I just finished reading Atul Gawande’s newest book, The Checklist Manifesto: How to Get Things Right. Dr. Gawande is a great thinker and I had enjoyed reading his prior two books about the medical community: Better: A Surgeon’s Notes on Performance
and Complications: A Surgeon’s Notes on an Imperfect Science. In this book, he talks about a simple way to reduce errors in the operating room, a checklist. He talks about how checklists can be developed and how they are used in aviation to reduce errors in the cockpit.
There were a couple of key takeaways for me from this book. Gawande reports on the research of the science of complexity. Professors Brenda Zimmerman of York University and Sholom Glouberman of the University of Toronto have developed a distinction between three types of problems in the world. The first type is simple – like following a recipe to bake a cake. You may have to learn some parts of it, but it should be repeatable if you follow the instructions. The second type is complicated – think of sending a rocket to the moon. In a complicated problem, you can usually break it down into many simple problems, but you will have multiple people or teams, multiple specialties and timing and communication become serious obstacles to be overcome. The third type is complex – the example given here is raising a child. Unlike sending a rocket to the moon, if you successfully raise a child, there is no guarantee that your second child will turn out the same. Experience is helpful, but by no means sufficient. It is possible to successfully raise a child (no matter how you define that), you just can’t predict how it will happen.
In each of these types of problems, a checklist can be helpful. In the simple case, a recipe is a simple checklist that ensures that all of the steps are completed in the correct order. In the complex case, a checklist can be used to schedule the work that needs to get done, coordinate the interactions between the different teams and even regulate the communication between teams that is required to iron out issues that arise during the project. Gawande spends some time in the book detailing a large building project and their use of checklists to ensure that all of the myriad details that must be accounted for during a skyscraper construction project are managed.
It is in the complicated cases that the uses of the checklist have really not been utilized. For many years, the complicated cases have seemed to be too random to be managed through checklists. In the surgery, complications are all too often a regular part of the job. This antibiotic doesn’t work for this patient. The patient suddenly develops an infection. The laboratory does not deliver the right type of sample collection device. But Gawande and a team at the World Health Organization worked on a trial project with 8 hospitals around the world to try checklists in the operating room. Their goal was not to address all of the potential complications. They created a list of 19 specific things to check before, during and after a surgery. Things like, did you check the patient’s name bracelet, did you give pre-surgery antibiotics, if there is a chance for blood loss, did you request blood supplies be available. In addition, the checklist required that the team all introduce themselves before surgery. This bit was introduced to help the surgical team function like a team, when the complications arose.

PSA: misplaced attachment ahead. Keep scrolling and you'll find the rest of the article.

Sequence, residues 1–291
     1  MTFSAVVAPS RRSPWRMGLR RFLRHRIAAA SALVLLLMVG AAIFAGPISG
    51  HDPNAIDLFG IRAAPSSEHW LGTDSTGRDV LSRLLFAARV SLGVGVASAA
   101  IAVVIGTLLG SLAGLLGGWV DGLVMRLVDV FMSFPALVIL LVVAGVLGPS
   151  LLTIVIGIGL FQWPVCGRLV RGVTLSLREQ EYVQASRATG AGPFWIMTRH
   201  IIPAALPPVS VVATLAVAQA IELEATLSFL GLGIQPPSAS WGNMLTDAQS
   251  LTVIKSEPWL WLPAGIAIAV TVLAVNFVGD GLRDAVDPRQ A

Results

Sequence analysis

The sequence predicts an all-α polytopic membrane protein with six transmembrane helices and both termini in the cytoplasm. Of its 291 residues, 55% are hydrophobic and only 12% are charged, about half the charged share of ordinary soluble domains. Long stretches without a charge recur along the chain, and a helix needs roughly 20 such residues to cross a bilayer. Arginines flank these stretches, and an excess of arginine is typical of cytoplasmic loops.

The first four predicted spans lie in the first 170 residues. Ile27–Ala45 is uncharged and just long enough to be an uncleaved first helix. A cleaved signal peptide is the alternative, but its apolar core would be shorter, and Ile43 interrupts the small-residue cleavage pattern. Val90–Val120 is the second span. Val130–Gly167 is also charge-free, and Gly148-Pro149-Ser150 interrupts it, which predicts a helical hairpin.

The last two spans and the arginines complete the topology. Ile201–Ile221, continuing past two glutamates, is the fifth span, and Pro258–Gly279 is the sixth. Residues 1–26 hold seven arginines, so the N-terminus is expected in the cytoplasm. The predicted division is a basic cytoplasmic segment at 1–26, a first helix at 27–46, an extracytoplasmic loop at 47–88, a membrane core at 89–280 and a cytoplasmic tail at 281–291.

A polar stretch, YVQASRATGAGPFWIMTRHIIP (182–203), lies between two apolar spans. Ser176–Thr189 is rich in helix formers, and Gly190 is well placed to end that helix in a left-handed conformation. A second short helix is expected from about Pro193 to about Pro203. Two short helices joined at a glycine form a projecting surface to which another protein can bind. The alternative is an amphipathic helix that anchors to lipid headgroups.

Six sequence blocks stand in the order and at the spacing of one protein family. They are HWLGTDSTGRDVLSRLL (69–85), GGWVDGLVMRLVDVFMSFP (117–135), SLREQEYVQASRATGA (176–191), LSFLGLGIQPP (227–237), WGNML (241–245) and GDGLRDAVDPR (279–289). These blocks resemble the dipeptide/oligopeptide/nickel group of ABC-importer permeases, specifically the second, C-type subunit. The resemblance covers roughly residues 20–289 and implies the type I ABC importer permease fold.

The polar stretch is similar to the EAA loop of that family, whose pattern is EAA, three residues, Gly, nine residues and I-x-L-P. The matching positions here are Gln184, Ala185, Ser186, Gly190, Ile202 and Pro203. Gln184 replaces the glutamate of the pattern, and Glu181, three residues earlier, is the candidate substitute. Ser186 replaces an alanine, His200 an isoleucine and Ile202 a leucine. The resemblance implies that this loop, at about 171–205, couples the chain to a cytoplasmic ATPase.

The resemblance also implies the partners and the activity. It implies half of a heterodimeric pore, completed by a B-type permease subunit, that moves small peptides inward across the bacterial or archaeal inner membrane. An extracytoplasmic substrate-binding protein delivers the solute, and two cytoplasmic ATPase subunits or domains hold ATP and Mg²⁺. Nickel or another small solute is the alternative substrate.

The results from the trial were unbelievable. Hospitals from the US, Canada, UK, Australia, India, the Phillipines, Jordan and Tanzania participated. Overall, the rate of major complications for surgical patients in all eight hospitals fell by 36% after the introduction of the checklist, while deaths fell 47%. Such a simple concept. But it forced everyone to concentrate on the issues that they had control over, while preparing them to work as a team on the unforeseen complications that inevitably arise.
Now, usually I write about entrepreneurship, so why is this so important?
Well, Dr. Gawande took his message of the value of checklists to experts in other industries to see if there was a correlation. One of the folks he talked to was Geoff Smart, who wrote a top selling book on hiring called Who: The A Method for Hiring. Smart did a project with Venture Capitalists where he evaluated the style that the VC used to make investment decisions. The VC’s that used a checklist approach had a 10% likelihood of replacing the senior management versus 50% for VC’s that didn’t use the checklist. They were also more financially successful. The checklist users had an 80% ROI versus 35% or less for the rest.
As you look to develop your businesses, it seems like a good idea to implement checklists throughout your businesses. Even though your outcomes may not result in life and death, like Dr. Gawande, the benefits of using checklists to cull out the simple and mundane errors and focus on the complicating factors will strengthen your business.